Bode Equipment Company’s history of long-term strategic planning
By Steve Guglielmo
Bode Equipment Company is celebrating its 40th Anniversary in 2015. From its inception, Bode has always had a strong foundation of family and close relationships. In 1975, Larry Bode founded Bode Equipment in his living room in Suncook, New Hampshire. For ten years, Bode operated as a two-person operation right out of the Bode family house. Larry sold the products and his wife, Dotty, did the billing and paperwork. The Bodes even went so far as to modify their driveway to allow access to 18-wheelers that would drop off equipment right into the garage. Today, with 19 employees and two locations, their modest beginning is ancient history.
While the Bodes were selling material handling equipment in Suncook, Steve Fawcett was working outside of the material handling industry. Fawcett had aspirations of one day owning his own business and confided that dream to his father, Dick, who happened to have a friend named Larry Bode who was looking to transition out of the material handling business. Steve asked Dick, “What is material handling equipment?” to which Dick responded, “I don’t know, you’ll have to ask Larry.” Steve drove up to meet Larry to discuss the company and future plans.
Undeterred by his lack of material handling experience, in 1985 Steve and Larry came to an agreement for Fawcett to purchase the business and move the company from Suncook to Manchester, NH.
Forging Business Relationships
Within a year of purchasing the business, Fawcett made the first of many long-term strategic changes that would come to define the company. He decided that working primarily through contractors provided too many challenges to succeed long-term and decided to shift the company’s focus to selling directly to the end-user. This dramatic change provided Bode with a new and unique obstacle. Bode would have to start building relationships with end-users where none had previously existed. To do that, Fawcett decided that the company must be aligned with the major suppliers in the market place.
“Moving our focus to the end-user was a milestone moment in our business,” says Bode President and Owner Scott Fawcett. “It was when we really started adding to our catalog and dealing with a variety of different suppliers.”
However, for a company making its first foray into selling directly to customers, it was not easy to get access to those major lines. For months, Fawcett pounded the pavement, helping customers solve their warehousing needs, all the while learning the industry and finding out who the major players were. During this time, a new rubber door line, M&I Door Systems, emerged and Fawcett was able to secure an exclusive agreement with the company to sell to the New England territory. That exclusive agreement opened up new customers for Bode and helped establish a more regional presence.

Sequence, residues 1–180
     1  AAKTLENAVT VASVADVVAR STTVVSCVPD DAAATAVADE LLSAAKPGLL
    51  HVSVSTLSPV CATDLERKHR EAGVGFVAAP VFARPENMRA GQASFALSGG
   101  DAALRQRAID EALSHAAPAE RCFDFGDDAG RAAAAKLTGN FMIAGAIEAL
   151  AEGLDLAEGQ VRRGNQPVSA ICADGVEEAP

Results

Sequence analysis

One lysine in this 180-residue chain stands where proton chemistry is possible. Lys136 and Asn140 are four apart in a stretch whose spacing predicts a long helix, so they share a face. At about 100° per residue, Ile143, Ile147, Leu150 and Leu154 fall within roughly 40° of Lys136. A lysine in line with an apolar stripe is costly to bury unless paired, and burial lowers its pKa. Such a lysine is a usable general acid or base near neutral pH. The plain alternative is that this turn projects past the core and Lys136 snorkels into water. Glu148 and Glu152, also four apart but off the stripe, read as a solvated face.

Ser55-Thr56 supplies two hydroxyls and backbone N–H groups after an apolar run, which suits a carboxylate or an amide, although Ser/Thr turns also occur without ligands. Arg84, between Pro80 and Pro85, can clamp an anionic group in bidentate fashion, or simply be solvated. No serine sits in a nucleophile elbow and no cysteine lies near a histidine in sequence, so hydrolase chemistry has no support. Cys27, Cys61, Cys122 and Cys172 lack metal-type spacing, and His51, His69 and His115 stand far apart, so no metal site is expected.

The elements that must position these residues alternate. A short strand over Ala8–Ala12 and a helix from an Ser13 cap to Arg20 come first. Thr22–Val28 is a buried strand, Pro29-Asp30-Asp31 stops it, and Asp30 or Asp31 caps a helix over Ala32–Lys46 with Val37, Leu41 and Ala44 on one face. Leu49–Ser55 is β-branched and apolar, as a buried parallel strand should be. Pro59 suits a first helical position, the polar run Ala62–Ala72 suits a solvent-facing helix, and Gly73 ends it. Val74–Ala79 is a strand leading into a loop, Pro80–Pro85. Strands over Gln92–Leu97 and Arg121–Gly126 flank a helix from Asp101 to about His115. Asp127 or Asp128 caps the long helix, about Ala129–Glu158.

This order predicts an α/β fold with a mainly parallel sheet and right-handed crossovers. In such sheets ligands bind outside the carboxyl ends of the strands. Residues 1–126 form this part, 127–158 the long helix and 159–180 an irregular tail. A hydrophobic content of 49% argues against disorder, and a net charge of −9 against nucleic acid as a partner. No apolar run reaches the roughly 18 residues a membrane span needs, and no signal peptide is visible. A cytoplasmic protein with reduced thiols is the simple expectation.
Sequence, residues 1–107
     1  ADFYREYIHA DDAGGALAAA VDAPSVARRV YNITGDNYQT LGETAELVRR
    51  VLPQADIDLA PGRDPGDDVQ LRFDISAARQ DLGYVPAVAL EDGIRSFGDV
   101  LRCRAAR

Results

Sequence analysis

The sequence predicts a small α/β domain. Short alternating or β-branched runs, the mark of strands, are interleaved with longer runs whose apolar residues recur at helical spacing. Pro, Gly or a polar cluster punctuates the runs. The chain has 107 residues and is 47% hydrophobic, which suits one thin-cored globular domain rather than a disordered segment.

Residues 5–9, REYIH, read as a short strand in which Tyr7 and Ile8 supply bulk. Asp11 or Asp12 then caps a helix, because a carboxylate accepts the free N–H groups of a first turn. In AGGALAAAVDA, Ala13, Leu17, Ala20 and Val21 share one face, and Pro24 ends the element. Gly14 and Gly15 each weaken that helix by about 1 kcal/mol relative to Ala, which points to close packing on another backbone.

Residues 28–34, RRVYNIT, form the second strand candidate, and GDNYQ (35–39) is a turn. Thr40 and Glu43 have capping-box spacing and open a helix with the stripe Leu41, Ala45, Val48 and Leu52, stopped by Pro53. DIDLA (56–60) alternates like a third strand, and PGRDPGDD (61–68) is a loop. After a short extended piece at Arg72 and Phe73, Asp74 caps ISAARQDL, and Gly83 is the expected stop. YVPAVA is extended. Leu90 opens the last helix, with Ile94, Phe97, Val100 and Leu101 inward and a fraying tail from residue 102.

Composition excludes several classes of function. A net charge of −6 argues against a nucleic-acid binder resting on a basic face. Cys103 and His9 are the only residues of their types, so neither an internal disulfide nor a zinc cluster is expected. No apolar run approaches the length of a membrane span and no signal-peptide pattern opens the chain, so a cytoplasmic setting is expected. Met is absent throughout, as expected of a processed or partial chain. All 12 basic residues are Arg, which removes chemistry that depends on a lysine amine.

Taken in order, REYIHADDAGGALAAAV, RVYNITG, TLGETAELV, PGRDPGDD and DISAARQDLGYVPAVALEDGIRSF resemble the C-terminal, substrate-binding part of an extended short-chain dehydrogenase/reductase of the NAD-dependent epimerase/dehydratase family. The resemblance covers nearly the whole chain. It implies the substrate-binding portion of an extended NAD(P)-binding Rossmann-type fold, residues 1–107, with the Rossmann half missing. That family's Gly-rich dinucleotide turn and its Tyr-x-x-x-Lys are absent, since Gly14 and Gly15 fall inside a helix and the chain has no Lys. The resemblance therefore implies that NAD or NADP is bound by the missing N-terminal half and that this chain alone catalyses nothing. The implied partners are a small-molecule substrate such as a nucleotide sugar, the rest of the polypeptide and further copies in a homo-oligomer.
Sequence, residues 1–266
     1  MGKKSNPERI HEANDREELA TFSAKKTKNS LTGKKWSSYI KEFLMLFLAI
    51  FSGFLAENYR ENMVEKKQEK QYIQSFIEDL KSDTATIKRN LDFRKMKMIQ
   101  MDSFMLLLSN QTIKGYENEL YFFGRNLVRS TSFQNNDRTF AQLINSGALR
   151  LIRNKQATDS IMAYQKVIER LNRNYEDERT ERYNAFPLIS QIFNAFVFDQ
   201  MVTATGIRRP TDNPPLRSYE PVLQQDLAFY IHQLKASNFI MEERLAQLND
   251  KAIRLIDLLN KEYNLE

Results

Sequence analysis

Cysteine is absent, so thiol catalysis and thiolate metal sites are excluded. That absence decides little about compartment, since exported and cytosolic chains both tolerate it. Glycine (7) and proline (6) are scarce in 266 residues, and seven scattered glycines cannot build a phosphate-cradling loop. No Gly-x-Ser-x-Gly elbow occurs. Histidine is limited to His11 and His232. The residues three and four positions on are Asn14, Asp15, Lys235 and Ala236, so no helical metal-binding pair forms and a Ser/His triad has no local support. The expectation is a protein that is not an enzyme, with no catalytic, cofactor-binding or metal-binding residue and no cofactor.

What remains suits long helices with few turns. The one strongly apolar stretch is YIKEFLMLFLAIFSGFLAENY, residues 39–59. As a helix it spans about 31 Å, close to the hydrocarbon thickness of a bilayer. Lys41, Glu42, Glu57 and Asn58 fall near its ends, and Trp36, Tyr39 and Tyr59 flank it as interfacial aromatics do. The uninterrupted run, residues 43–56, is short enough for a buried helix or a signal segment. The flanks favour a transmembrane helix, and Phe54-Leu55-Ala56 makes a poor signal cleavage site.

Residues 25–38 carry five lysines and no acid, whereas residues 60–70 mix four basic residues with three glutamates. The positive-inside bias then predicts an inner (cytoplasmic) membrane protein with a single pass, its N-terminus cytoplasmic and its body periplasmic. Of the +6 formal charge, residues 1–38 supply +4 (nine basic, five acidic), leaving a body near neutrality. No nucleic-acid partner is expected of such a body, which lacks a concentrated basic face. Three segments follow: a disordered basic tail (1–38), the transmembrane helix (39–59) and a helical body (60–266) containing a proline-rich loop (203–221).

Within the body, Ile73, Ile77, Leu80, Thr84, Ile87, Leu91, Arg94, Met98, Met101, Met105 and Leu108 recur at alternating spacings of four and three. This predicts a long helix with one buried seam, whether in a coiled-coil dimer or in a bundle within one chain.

As Bode continued searching for business relationships, the company made the decision to join MHEDA in the 1990s.
“MHEDA has been instrumental in the growth of our organization,” says Scott. “There is a belief within our organization that MHEDA plays a very big role in our success. From a strategic planning standpoint, to a training standpoint, we would not be the organization we are today if we were not a member of MHEDA.”
Forging Personal Relationships
While Bode, under the leadership of both Steve and Scott Fawcett, has grown immensely due to the business relationships the company has formed, its success can be attributed even more to the company culture the two have cultivated.
“At Bode, we feel very strongly about morals and ethics as well as a strong sense of family,” says Scott. “In fact, it was at a MHEDA Convention training session about company culture where the idea for our mission statement came from. The presenter asked ‘Does your mission statement truly reflect who you are as an organization?’ Steve and I went back to the hotel room that night and drafted a new mission statement aimed at telling people ‘This is why we’re in business and this is where we’re going.’”
Unlike traditional mission statements, what Steve and Scott came up with doesn’t fit on a business card. True to form, it is more of a roadmap that lays out exactly why the company has been successful and how it will continue to be successful long into the future. Specifically, a large portion of the manifesto is devoted to the internal culture of the company.